“During the American time,” Cal says, “the priests started coming back again. And the priests that came out with the Americans were mostly schooled in the old Spanish practice. They were very strict, adhering to the old Catholic traditions of the Spaniards. So it sort of re-continued from the way the Spanish had taught; there were small changes but, basically they were the same."



Asor Church

The church in Asor uses part of the building built for the first Outer Islands High School.


“When the Navy came here,” Juanito says, “the Navy priest start converting more people. When the Navy moved out, the late Father Walter came out around 1948. He stayed out here, converting almost all the people. He even went up to all the neighboring islands every time the field trip ship went out there, until he died in the 1970s. He has his grave here at the church on Mogmog. When he got cancer in the throat, he went back and died in Buffalo, New York. They sent the body back, and we buried him here."



“By the time of World War II,” Cal says, “there were of course a few people who were very resistant to the idea of being converted. And they maintained their traditional beliefs. Up until a couple years ago there were still people living in the communities who just refused to be Christianized. But mostly the people converted to Catholicism, or just adopted the rituals of the Catholics. There must have had a very strong, influential priest back, then because most folks were very adamant and religious church goers."

“After the War, there were still people who would think they were practicing ‘magic.’ They were still doing magic, but there were some practices that were no longer done. ‘Magic’ is not really the best word for it. There are some terms that give the wrong impression. There are some of the practices that are attributed to the Devil and to ‘magic,’ but when you think about it, they’re nothing more than psychology."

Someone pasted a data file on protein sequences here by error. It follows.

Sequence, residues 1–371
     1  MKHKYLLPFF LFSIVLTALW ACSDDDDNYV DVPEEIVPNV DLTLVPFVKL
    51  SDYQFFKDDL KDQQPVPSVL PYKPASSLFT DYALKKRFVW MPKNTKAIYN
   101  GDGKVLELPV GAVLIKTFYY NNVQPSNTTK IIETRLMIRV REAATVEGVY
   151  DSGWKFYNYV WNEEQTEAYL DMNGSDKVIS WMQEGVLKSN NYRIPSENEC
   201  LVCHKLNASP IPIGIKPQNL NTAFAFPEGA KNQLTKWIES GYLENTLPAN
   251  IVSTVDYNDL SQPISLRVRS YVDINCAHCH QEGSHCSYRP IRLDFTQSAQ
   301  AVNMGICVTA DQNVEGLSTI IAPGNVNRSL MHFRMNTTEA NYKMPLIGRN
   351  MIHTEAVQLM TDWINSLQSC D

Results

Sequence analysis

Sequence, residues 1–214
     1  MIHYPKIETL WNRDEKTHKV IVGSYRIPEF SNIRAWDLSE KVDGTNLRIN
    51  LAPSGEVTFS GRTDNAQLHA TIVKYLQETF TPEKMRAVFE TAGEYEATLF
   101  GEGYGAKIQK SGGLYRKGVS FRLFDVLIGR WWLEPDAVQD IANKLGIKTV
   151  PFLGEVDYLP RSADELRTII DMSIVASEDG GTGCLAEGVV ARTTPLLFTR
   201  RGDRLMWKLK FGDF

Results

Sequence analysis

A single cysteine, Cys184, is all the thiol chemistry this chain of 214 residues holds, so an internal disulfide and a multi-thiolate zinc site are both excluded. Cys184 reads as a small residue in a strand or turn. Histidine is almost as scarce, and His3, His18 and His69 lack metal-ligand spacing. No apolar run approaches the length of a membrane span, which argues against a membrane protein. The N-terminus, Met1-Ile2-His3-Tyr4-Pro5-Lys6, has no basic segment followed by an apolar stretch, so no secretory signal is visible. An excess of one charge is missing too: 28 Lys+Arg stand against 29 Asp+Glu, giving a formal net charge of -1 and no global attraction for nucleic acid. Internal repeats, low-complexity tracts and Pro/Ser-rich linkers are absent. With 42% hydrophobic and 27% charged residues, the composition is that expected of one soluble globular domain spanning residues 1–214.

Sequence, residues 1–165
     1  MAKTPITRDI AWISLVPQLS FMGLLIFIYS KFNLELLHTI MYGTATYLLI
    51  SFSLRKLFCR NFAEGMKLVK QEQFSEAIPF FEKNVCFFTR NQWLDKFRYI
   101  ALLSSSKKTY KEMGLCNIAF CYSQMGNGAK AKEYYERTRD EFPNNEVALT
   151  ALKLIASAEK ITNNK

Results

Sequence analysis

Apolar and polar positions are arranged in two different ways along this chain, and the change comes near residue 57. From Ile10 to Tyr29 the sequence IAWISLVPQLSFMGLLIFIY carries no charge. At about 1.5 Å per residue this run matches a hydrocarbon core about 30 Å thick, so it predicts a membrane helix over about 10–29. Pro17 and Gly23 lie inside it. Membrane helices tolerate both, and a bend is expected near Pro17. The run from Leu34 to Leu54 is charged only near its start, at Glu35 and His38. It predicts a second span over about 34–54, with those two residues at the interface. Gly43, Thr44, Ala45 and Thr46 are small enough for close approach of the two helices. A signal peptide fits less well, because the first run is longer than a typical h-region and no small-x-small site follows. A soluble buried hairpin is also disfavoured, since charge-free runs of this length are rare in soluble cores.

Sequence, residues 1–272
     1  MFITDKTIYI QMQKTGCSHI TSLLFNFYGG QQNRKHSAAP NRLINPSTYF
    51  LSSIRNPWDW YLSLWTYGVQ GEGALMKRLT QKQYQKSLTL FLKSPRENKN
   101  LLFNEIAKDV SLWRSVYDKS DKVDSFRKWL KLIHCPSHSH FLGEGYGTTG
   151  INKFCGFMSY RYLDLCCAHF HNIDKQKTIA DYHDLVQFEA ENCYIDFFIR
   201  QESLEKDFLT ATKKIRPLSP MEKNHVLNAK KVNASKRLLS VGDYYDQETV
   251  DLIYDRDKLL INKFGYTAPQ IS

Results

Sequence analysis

Chuch on Mogmog.


Beer-can Basket

"They could open your basket...." Here, a basket made entirely of carefully folded beer-can tabs.


“I knew a lot of people, including my grandparents, could read colors—they would look at the color of the clothing you have on, and tell you what you’re up to. And they could open your basket and look inside and could tell you what kind of person you are, what you’re up to that day, or what you’ve been up to, by just looking at the content of your basket.

“My grandmother was gifted. She had a family gift that she learned from her past ancestors and it passed down all the way to her, and at the time my grandmother, that’s when all of this issue of Christianity versus devil’s worship and magic and stuff, it was really strong. So that was basically abandoned, because they claimed it’s the work of the devil."


“I think a lot of important skills and practices were lost then," Cal concludes. "Some of them because of the way they were practiced, they were misinterpreted as the work of the devil, but it’s all science, in my opinion. Careful observation and deduction, and logical sequencing, and all of those put together and you come up with a possible solution to it, or possible explanation.”

Click here to learn more about the old religious practices in Ulithi.

The missionaries' influence,
as we have heard, spilled well over into the periods in which Yap and Ulithi became a colony.